The games industry moves pretty fast, and there's a tendency for all involved to look constantly to what's next without so much worrying about what came before. That said, even an industry so entrenched in the now can learn from its past. So to refresh our collective memory and perhaps offer some perspective on our field's history, GamesIndustry.biz runs this monthly feature highlighting happenings in gaming from exactly a decade ago.
It's June, so that means it's E3 time!
Well, not this year.
It used to mean E3 time, when the big console makers got together to show off their biggest and best upcoming games during the same week at the same show. It lent itself very neatly to narratives about winners and losers.
Most years, that narrative was a bit overblown. In 2013, there was absolutely a clear winner and a clear loser, and it had surprisingly little to do with the actual games they showed.
Xbox goes first
Microsoft was coming off a disastrous reveal event for the Xbox One in which it marketed its next-gen gaming console with things that weren't games: specifically, television, sports, and… Skype?
That show didn't go over well at all, and the company had promised its E3 show was going to be all about the games. To Microsoft's credit, it made good on that promise.
The Xbox E3 show featured a stacked lineup of high-profile games like Metal Gear Solid 5, The Witcher 3, Battlefield 4, a new Halo, Ryse: Son of Rome, Sunset Overdrive, Dead Rising 3, and the first ever glimpse of Respawn's debut Titanfall.
Outside of those headliners, there was Swery65's D4, the user-generated content experiment Project Spark, an Xbox One version of Minecraft, a little indie representation with Capybara's Below, and an untitled game from Microsoft's Black Tusk that was at least intriguing, even if it would be shelved in a matter of months so the studio could go to work on Gears of War.
However, there were a couple blemishes. We'll get to one of them a bit later, but the other one was the price: $499.
It wasn't a perfect show by any means, but it was a nice offering of games for would-be Xbox One purchasers to get excited about, and a good step on the way toward convincing people that the system might be a worthwhile purchase even with the unpopular online restrictions that had been rumored for some time and confirmed in the weeks ahead of E3.
It's easy to make the argument that Sony had the weaker E3 on the games front. The big game was Destiny, which Bungie had been talked about previously but not shown off.
Beyond that, there was a first-party lineup of games that would underwhelm on release – The Order 1886, Killzone Shadow Fall, DriveClub, and Knack – as well as some big third-party games like Final Fantasy 15, Assassin's Creed: Black Flag, and the show-stealer of the previous year's E3, Watch Dogs.
There was also a notable segment devoted to indie games like Transistor, Don't Starve, and Mercenary Kings, which was helpful in bolstering the narrative that Sony was the indie-friendly company of the moment as Microsoft had conceded whatever head start it had on that front with Xbox Live Arcade. (This was perhaps best embodied by Jonathan Blow, developer of breakthrough XBLA indie hit Braid, showing off his follow-up game on stage during the PS4 reveal a few months prior.)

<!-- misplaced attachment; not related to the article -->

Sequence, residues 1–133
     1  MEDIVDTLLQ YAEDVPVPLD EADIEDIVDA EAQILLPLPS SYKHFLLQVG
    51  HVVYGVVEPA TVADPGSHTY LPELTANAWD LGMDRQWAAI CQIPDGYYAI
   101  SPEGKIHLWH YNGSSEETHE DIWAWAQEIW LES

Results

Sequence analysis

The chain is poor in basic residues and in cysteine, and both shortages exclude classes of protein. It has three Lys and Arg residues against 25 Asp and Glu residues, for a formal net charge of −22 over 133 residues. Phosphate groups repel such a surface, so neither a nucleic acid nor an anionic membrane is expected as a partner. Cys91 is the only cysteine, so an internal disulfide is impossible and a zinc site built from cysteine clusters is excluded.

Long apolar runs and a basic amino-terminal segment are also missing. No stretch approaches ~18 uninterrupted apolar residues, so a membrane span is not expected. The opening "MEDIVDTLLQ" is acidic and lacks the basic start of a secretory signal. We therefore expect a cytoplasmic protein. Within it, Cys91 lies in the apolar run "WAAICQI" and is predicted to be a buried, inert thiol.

Microsoft handed Sony a devastating one-two punch of easy victories that had nothing to do with games
It was a fine lineup. It was fine. Certainly not Sony's best, and probably less impressive than what Microsoft showed off. This should have been just another E3 where enlisted console warriors had plenty to cling to for reassurance that they had built their identity on the correct consumer electronics.
But it wasn't, in large part because Microsoft handed Sony a devastating one-two punch of easy victories that had nothing to do with games.
The first was easy: The price. Xbox was $499, but Sony announced during its conference that PS4 would be $399.
Listen to the reaction that got from the crowd. They "woofed" like an Arsenio Hall crowd, some 19 years after Hall's late night show had gone off the air.
But the biggest, most prolonged applause of the night was not about price. It was when Sony Computer Entertainment America president and CEO Jack Tretton delivered body blow after body blow directly to Microsoft over its digital restrictions, belaboring a point to an almost petty degree as he announced a series of features that were about as novel as the system having a power cord to plug into the wall.
"PlayStation 4 won't impose any new restrictions on the use of [PS4 games]," Tretton said.
I had to put that last bit in square brackets because the roar of the crowd actually makes the end of Tretton's statement unintelligible. He savored the applause for a moment, then went back to work.
"When a gamer buys a PS4 disc, they have the rights to use that copy of the game. They can trade in the game at retail, sell it to another person, lend it to a friend, or keep it forever."